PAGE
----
Panathinaikos fans are critical of the Greek shipping family that has owned the team since 1979. They believe the Vardinoyannis clan underinvested in it. Even worse, the suspect collusion with Olympiakos to fix championships. “I feel that some players are having me on,” says one of the fans around the table. 

After Panathinaikos fans took to the streets in 2008, the Vardinoyannis family declared that it would sell them the team. It transferred its 54 percent stake to a nonprofit body called Panathinaikos Alliance, and launched a campaign last May to sell them to the base.

The move will sever the soccer club from Panathinaikos’ other sports teams, perhaps leaving them even more impoverished than they are today. One recent blog posted by a basketball player said, “we scrounge fivers off each other to get through the day.”

To date, however, the campaign has been a failure. Barely nine thousand people have stepped forward. The three million dollars they brought in are dwarfed by the team’s outstanding debt of $35 million, much of it owed to the Vardinoyannis family for rental of the training grounds. “He’s taking money out of one pocket and putting it in the other. Anyone who buys shares now is a fool,” says Yannis. Clubhouse fans are willing to give the Alliance a try, but they would like to see the family assume the debt. “Anything other than Vardinoyannis is good, quite simply,” sys Antonis.

Their view of a team betrayed is curiously similar to many Greeks’ view of the country. Parliament has just indicted a former finance minister for failing to collect tax revenues from the rich, while imposing austerity measures on working families. Some opposition parties want to indict two former prime ministers for submitting to an austerity programme dictated by the International Monetary Fund without proper public consultation. A former board member of the Hellenic Statistical Service is suing its then-chairman for allegedly bloating Greece’s 2009 deficit. Her theory is that this made it easier to destroy Greece’s creditworthiness and pitchfork it into austerity. Greeks aren’t generally inclined to believe in coincidence, innocence or good faith; but the sense that betrayal is behind every failure has now become endemic.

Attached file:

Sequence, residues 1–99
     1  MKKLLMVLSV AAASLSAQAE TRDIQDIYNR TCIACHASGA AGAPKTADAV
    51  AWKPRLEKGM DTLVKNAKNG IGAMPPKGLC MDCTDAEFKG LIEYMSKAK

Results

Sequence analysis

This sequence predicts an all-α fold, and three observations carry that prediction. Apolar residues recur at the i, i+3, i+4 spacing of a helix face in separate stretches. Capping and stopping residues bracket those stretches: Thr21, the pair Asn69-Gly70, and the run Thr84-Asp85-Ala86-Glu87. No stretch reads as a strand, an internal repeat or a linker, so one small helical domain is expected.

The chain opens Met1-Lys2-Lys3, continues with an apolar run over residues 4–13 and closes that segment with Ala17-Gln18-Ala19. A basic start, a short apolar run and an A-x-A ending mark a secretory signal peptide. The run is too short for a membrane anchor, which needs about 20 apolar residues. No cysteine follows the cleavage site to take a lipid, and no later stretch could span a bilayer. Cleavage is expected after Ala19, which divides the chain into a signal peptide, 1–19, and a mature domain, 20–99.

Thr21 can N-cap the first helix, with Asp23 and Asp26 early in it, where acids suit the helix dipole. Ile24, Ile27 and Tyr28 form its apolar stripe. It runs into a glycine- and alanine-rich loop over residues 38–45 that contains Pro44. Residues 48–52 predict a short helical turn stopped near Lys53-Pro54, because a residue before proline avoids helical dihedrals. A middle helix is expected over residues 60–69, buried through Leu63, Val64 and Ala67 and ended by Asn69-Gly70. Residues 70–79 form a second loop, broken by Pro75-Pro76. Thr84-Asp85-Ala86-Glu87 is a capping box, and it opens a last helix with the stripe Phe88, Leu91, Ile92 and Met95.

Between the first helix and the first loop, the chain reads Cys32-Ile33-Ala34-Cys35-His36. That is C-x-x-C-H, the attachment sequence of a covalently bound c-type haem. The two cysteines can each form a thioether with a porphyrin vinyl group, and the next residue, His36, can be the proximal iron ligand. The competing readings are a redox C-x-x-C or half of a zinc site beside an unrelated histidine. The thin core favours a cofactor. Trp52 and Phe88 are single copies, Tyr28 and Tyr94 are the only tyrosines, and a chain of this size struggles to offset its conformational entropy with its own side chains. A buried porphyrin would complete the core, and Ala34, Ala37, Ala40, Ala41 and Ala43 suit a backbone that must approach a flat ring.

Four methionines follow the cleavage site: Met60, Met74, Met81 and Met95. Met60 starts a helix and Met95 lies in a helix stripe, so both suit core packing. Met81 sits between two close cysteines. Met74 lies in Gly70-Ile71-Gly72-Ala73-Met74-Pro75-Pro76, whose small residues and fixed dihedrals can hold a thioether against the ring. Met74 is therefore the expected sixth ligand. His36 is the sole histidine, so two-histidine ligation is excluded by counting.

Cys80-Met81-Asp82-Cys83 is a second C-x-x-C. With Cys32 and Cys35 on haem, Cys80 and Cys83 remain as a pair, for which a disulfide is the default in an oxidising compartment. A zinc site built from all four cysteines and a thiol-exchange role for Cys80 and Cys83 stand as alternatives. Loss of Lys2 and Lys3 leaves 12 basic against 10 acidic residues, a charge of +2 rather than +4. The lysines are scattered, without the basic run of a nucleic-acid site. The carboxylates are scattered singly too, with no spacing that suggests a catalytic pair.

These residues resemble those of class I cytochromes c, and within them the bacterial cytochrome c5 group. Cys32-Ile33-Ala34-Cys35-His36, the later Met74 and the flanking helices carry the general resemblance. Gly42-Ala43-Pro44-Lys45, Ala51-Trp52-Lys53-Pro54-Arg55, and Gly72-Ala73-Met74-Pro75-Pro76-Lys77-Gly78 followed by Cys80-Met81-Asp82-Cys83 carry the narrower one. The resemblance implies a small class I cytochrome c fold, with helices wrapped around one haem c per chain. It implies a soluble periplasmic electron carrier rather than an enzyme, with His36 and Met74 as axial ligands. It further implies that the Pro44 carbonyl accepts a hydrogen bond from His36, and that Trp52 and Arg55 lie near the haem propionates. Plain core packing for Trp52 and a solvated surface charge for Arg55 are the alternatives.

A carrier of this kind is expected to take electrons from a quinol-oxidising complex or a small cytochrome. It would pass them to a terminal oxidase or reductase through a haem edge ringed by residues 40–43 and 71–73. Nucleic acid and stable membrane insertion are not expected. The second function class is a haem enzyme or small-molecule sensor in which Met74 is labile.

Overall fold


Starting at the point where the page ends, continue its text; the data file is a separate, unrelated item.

The Panathinaikos Alliance allows shareholders to vote for the team’s management with a minimal investment of 85 euros. It may yet appeal as an attempt to return to transparency and simplicity. Its founding statement says it is “the expression of the simple, direct and honest desire of millions of Panathinaikos fans to taken the fate of the team in their hands… to bring Panathinaikos back where it belongs: at the pinnacle of European football.”

Konstantinou was enrolled at the age of 15 and remained on the team’s roster for 21 years. He looks back with nostalgia on a postwar era when teams and players alike were less mercenary. “In those days you had empty lots in every neighbourhood, kids went out to play football, and there were talented individuals who shone. Teams scouted for these kids and enrolled them in youth leagues... You played for the team that signed you up, and eternally bound you. You only left if the team didn’t want you or if you grew old.”

He looks forward to a time when Panathinaikos will build an academy to cultivate talent and loyalty once again. A team whose lucky number is 13 and whose symbol is the humble three-leaf clover may yet be capable of such surprises. 

See a recent Al Jazeera report on the plight of farmers five years after fires devastated southern Greece. 

Thursday, 24 January 2013

Transport Workers Refuse Requisition Order

Thousands of public transport passengers were left stranded on the streets of Athens today, after drivers told them to disembark around lunchtime, then drove their vehicles back to their depots. 

The unions’ decision to act in concert is likely to cause gridlock for days.  It came after the Athens prefect issued an order to commandeer Metro workers back to their trains. Movement in Athens has already been difficult with the Metro on strike for eight days, and bus, trolley and tram unions dipping in and out.

Transport workers are unhappy with the streamlining of public sector wages, but the government told unions today that it can’t favour particular groups. 

"The government made it clear during talks that there was no leeway to exempt anyone from the consolidated [state] payroll," Development Minister Kostis Hatzidakis told reporters after the wage talks ended. "Despite this, the unionists decided to take the path of blind confrontation... There's nothing we can do but to requisition workers."